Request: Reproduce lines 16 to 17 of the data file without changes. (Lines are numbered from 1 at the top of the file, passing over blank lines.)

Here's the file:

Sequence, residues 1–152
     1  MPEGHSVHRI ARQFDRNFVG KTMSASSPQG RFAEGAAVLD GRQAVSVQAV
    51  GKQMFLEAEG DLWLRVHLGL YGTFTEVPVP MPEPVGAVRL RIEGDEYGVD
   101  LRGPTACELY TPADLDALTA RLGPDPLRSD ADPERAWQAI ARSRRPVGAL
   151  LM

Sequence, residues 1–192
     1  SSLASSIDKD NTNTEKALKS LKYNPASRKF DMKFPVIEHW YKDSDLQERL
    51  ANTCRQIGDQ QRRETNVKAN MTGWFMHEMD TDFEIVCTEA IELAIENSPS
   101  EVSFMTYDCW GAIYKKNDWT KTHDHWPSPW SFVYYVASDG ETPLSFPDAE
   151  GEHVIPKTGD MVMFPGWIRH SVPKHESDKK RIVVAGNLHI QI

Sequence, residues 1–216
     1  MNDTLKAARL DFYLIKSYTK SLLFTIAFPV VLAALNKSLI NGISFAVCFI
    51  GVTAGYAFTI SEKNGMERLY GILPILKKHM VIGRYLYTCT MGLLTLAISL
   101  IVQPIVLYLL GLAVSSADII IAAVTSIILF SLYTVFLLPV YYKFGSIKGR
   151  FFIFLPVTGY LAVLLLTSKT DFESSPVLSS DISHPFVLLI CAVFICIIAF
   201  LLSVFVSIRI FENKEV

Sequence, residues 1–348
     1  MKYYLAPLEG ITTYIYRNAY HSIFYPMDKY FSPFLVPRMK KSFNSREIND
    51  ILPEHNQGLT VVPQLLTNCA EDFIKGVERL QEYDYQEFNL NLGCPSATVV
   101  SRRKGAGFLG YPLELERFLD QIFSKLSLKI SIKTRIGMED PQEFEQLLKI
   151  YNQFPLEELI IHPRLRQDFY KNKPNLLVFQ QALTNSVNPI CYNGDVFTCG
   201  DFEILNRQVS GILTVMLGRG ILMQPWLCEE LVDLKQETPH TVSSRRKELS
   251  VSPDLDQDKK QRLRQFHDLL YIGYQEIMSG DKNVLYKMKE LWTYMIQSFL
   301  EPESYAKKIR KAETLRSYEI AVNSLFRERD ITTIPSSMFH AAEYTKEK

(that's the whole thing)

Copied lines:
   201  LLSVFVSIRI FENKEV

Sequence, residues 1–348